VKDB presents in 3 forms: early, classic, and late. Early bleeding occurs in the first 24 hours, is often severe, and is associated with maternal medications that inhibit vitamin K, such as anticonvulsants, antituberculous medications, some antibiotics (cephalexin), and vitamin K antagonists (warfarin, coumarin).3 The classic form of VKDB occurs in the first week of life and can have a milder presentation, with bruising or bleeding from injection sites.4 Late VKDB presents with severe bleeding, primarily in infants who are exclusively breastfed, and may occur many weeks after birth. Of infants with late VKDB, 50% have intracranial bleeding with resultant risk of neurologic injury; mortality rates are estimated at 20%.4,5
In 2003, the AAP published a policy statement recommending that all neonates receive a single intramuscular dose of 0.5 to 1 mg vitamin K for prevention of early, classic, and late VKDB.6 According to the policy statement, oral formulations require more study. Oral vitamin K has been administered in a variety of regimens in countries outside the United States, and although they are effective based on surveillance data, they are not as effective as a single intramuscular dose.7 Multiple oral doses are more efficacious than a single dose.8 A more contemporary recommendation from the Canadian Paediatric Society suggests that oral vitamin K should be administered to those newborns whose parents decline intramuscular vitamin K in a multidose regimen (2 mg at birth and at 1 and 6 weeks).9 The authors admit that “use of the parenteral form of vitamin K for oral administration is all that is currently available.”
What do we know about the efficacy of vitamin K preparations available in the United States? Unfortunately, very little. The phytonadione 5 mg tablet is the only oral formulation approved by the US Food and Drug Administration and licensed in the United States.10 Because administering crushed tablets to newborns is challenging, the only licensed injectable formulation is commonly given orally (Hospira, 1 mg/0.5 mL).10 No other formulations are manufactured and approved for use in the United States, with the exception of unregulated over-the-counter supplements. No data on the oral bioavailability of these products exist, nor are data available regarding oral administration of the intramuscular formulation. Compounding pharmacies may prepare a 1-mg/mL suspension, but it must be stored under refrigeration and is stable for only a few days,11 making repeated administration challenging for clinicians and families. Although compliance with multidose administration has not been studied in the United States, compliance with a 3-dose regimen in England was found to be poor.12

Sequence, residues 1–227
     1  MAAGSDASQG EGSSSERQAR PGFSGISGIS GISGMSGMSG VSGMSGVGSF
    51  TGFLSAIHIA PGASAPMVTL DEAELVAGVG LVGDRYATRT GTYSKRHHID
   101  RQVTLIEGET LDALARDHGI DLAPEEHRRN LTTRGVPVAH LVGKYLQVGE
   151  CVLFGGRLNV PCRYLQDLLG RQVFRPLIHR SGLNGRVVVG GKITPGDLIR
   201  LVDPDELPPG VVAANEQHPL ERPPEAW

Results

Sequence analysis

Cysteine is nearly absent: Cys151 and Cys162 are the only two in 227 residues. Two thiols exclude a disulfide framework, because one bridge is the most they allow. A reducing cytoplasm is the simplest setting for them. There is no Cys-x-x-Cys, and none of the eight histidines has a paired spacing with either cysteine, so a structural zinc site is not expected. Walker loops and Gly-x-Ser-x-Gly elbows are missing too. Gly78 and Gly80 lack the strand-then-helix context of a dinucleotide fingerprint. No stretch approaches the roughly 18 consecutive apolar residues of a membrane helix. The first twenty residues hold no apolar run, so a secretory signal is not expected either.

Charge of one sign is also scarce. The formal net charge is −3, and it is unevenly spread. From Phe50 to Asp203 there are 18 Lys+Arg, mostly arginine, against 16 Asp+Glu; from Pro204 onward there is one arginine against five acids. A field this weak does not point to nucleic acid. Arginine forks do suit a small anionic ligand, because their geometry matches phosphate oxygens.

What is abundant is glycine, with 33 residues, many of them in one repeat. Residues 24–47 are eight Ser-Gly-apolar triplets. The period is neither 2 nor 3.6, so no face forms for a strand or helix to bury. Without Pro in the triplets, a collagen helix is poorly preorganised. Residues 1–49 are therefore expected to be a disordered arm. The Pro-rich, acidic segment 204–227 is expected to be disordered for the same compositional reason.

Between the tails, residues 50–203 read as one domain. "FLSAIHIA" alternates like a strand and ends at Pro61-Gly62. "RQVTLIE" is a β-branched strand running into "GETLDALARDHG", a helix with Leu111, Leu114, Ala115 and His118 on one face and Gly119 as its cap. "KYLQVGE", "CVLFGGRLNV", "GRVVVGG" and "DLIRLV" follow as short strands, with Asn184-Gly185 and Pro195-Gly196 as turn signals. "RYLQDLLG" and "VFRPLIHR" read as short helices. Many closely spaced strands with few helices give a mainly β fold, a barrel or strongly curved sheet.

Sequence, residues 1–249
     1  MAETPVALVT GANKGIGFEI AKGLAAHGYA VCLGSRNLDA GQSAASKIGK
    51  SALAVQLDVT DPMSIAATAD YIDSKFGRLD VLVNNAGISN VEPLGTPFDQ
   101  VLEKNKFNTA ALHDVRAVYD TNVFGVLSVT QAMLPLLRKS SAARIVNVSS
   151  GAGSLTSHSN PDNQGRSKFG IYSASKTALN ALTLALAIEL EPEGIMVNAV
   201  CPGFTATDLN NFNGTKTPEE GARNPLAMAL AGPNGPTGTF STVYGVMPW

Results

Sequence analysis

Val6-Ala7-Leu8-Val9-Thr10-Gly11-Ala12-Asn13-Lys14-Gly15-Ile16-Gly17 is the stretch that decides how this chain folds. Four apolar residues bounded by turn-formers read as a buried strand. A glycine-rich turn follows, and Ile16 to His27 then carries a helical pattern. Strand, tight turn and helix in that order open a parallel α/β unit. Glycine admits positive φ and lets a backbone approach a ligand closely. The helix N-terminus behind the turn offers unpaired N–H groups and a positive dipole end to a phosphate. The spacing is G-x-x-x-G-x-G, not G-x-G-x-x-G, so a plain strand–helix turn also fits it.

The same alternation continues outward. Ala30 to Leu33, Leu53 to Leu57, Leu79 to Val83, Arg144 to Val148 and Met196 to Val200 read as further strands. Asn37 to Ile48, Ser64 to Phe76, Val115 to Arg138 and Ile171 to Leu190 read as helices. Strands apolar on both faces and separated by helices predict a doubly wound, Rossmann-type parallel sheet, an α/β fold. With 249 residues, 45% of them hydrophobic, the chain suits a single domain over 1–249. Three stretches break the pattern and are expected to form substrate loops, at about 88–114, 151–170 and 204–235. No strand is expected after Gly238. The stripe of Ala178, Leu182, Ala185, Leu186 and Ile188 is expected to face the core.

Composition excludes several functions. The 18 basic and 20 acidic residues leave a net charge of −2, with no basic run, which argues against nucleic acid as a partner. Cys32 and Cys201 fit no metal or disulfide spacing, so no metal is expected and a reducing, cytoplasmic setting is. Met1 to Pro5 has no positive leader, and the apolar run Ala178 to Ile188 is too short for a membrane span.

At Oregon Health & Science University, pediatric clinicians created a set of orders for oral vitamin K in the electronic health record. Reasoning that any vitamin K was likely to offer a benefit over none, clinicians could easily order oral vitamin K in a standardized fashion with the intramuscular formulation given orally at birth, and a prescription for 2 additional doses of crushed tablets after discharge. Despite being informed about the lack of evidence supporting this regimen, some families seemed to perceive it as equally effective to the intramuscular vitamin K. What initially seemed a good idea (delivery of a plausible but untested therapy) became troubling to clinicians, and the electronic order set was retired, although individual providers may still prescribe oral vitamin K.
Off-label use of drugs is common in children, especially those with rare diseases. In the AAP Committee on Drugs Report, off-label prescribing “does not imply an improper, illegal, contraindicated, or investigational use” when completed using professional judgment to benefit the individual patient.13 However, this typically implies that no alternative option exists, which is not the case with vitamin K.
Our experience prompts the question: Armed with little, if any, information to support its efficacy, should pediatric providers in the United States recommend and prescribe oral vitamin K formulations in lieu of intramuscular formulations when parents decline? I argue they should not.
Melissa Weddle, MD, MPH, Comments:
This case poses 2 ethical questions: (1) What is the appropriate response when parents decline recommended treatment such as vitamin K? (2) Should clinicians offer oral vitamin K to newborns when families decline the recommended vitamin K injection?
The first question points to conflict between parent choice and child well-being. As physicians, our duty is to promote the well-being of our patients. In the case of vitamin K in the newborn period, we have a preventive intervention—a single injection of vitamin K—that is safe and effective in preventing a disease that is rare but has potentially devastating consequences. In the United States, clinicians have limited ability to interfere with parental decision-making; we respect the authority of parents to decide for their children unless a decision poses an unacceptably high or immediate risk.14 Because VKDB is sufficiently uncommon (incidence of early and classic VKDB is 1/300,15 and late VKDB, 4 to 10/100 000 infants3,5,16), parents are allowed to decline vitamin K.